Philippine Escudié*, Emma Paladino**

Séminaires internes
phd seminar

Philippine Escudié*, Emma Paladino**

Addictive behavior in a network*
Time allocations in networks: social activity and care provision**

IBD Amphi

Îlot Bernard du Bois - Amphithéâtre

5-9 boulevard Maurice Bourdet
13001 Marseille

Mardi 23 avril 2024| 11:00 - 12:30

Lucie Giorgi : lucie.giorgi[at]
Ricardo Guzman : ricardo.guzman[at]
Natalia Labrador : natalia.labrador-bernate[at]
Nathan Vieira : nathan.vieira[at]


*Relationships play a significant role in initiation of an addictive behavior, especially for teenagers and young adults. However, the impact of these relationships varies depending on the individual's position in their social network. For instance, consumers who are linked with highly addicted peers will tend to engage more in addictive behavior, and eventually become addicted. This paper presents a dynamic model of consumption choice in a network, which includes an addictive good. A consumer's  level of addiction is influenced not only by their own past consumption but also by the current consumption of the other agents. In this model, consumers are connected through a friendship network and are directly influenced only by their immediate neighbors. I consider three different types of agents : myopic consumers, rational consumers and present biased consumers. They differ in their attitude toward the future consequences of their current consumption choices.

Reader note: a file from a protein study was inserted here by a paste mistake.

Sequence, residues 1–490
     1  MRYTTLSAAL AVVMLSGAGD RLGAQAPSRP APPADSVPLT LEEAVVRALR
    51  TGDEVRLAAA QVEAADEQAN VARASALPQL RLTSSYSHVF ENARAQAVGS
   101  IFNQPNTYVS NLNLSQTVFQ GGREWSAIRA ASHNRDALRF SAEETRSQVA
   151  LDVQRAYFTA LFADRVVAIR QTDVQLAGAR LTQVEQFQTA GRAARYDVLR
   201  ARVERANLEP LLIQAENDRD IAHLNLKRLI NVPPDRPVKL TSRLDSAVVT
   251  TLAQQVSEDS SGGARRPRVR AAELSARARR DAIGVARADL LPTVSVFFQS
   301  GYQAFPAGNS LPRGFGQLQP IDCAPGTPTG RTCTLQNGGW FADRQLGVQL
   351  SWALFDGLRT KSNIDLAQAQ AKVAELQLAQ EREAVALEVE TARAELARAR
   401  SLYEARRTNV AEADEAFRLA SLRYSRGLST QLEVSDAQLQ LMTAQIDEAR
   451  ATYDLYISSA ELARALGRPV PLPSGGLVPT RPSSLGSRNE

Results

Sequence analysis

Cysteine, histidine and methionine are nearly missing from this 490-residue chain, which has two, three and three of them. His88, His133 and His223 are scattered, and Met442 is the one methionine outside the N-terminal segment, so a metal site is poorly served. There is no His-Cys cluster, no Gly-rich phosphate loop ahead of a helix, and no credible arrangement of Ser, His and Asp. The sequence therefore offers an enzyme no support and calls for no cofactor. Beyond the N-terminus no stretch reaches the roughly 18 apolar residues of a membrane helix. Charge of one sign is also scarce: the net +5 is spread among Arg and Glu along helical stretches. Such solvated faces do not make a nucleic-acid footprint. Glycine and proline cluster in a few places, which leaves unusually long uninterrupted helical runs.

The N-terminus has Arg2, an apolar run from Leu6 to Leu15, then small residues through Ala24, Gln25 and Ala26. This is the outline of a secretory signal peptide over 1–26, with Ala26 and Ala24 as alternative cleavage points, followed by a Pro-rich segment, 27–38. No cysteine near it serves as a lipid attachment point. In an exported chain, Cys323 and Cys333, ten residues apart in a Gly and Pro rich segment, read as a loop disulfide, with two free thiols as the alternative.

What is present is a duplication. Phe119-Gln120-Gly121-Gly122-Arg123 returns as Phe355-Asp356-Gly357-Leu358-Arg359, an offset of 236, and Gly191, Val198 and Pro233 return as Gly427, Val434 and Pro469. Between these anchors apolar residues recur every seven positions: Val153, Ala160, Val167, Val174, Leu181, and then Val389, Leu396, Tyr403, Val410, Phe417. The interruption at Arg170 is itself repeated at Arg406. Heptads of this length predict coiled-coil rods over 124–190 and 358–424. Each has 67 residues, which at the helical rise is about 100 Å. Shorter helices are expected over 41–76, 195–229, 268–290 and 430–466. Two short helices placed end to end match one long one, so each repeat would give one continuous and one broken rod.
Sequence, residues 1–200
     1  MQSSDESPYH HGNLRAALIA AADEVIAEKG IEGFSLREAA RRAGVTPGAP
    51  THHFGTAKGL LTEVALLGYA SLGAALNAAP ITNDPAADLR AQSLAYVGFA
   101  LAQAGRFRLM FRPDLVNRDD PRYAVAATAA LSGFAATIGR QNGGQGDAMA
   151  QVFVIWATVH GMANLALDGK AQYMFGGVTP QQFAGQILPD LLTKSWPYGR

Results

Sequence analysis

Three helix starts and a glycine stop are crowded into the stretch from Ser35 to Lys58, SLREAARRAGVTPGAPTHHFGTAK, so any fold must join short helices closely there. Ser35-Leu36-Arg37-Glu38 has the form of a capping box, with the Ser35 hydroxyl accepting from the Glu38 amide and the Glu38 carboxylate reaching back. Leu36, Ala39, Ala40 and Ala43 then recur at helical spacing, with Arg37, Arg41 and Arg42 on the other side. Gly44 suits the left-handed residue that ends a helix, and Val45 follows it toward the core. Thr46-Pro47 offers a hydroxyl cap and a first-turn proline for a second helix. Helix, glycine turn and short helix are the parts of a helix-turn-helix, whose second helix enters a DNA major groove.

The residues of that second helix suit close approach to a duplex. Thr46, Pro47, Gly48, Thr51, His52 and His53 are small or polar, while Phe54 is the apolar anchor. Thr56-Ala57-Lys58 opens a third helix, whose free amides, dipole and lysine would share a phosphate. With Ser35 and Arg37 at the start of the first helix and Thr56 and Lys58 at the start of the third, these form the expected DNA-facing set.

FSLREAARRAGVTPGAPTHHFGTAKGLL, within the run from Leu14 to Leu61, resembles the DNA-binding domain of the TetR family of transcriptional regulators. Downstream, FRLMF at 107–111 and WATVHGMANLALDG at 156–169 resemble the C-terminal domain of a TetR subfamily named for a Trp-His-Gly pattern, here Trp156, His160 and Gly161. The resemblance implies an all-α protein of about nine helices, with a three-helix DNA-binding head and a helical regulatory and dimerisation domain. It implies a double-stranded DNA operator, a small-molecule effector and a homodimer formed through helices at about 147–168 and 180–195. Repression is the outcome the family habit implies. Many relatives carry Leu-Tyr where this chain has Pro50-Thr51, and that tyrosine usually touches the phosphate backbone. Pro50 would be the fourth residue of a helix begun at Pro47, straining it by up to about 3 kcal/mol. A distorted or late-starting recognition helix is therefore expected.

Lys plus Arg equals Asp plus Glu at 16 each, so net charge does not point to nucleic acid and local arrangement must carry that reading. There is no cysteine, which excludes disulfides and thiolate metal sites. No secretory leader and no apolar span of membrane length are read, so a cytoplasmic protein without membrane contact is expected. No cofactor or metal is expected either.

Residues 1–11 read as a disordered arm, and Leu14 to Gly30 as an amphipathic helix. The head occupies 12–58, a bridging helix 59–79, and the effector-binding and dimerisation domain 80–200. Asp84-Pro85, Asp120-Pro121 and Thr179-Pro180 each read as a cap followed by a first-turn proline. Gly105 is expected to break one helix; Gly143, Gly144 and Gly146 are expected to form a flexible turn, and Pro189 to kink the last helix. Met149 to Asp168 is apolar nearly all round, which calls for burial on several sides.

**Time is a limited resource that individuals allocate to activities such as work or leisure, but also towards relationships. Spending time with other people is crucial in individual lives, as it reduces perceived loneliness and increases well-being. There are different ways of spending time with others. For example, people allocate their time to socializing with friends, but also to care provision for close relatives who need assistance, companionship, and support, such as old parents. In this sense, the aging of the population is increasing the demand for care time, modifying the time allocation choices concerning other social activities. Within this framework, I study a model of time allocation choices in a network setting. Individuals can be part of two fixed networks: a friends network and a family network. They can allocate their non-working time to social time with friends and to care time towards family. Social time presents strategic complementarities with the social time of their friends, while care time is a strategic substitute for the care time of other family members. I explore the trade-off in time allocations within specific network structures, accounting for the well-being of the care recipient.